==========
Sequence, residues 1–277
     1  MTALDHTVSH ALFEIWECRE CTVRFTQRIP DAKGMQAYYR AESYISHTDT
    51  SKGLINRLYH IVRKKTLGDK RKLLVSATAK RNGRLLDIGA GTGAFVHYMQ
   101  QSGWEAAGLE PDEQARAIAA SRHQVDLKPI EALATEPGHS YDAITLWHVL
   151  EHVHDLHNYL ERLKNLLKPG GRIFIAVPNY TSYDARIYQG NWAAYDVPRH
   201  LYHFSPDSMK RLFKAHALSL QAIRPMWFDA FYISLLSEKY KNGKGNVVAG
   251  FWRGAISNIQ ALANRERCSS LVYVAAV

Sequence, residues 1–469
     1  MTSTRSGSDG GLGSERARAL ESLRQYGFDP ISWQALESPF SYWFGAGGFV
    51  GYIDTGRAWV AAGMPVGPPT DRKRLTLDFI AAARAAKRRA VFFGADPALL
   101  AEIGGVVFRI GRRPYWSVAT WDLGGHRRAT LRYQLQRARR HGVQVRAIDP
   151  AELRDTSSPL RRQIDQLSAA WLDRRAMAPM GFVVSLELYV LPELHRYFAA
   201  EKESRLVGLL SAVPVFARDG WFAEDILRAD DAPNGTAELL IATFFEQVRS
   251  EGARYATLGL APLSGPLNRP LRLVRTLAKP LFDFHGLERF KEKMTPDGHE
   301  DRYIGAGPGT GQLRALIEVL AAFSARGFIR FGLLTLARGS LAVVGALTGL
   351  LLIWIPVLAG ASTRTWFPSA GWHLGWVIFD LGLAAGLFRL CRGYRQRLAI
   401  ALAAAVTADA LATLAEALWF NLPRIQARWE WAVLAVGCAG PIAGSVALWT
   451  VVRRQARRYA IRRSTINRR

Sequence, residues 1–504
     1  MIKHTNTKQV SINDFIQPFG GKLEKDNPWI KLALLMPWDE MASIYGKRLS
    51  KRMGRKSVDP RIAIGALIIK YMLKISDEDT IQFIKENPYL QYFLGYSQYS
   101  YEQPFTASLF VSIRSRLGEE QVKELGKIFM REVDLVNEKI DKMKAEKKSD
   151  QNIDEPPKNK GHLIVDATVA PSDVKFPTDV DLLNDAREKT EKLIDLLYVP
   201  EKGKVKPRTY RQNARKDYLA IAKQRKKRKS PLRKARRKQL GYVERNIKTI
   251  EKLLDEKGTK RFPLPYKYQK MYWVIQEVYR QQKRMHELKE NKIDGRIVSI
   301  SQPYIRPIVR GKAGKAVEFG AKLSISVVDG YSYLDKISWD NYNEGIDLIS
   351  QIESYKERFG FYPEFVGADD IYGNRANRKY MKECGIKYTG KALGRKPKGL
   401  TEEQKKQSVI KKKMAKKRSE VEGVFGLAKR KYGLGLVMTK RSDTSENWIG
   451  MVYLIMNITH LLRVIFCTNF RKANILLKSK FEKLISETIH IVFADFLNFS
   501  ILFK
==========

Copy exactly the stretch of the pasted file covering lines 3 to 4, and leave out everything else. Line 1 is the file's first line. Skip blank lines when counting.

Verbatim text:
    51  SKGLINRLYH IVRKKTLGDK RKLLVSATAK RNGRLLDIGA GTGAFVHYMQ
   101  QSGWEAAGLE PDEQARAIAA SRHQVDLKPI EALATEPGHS YDAITLWHVL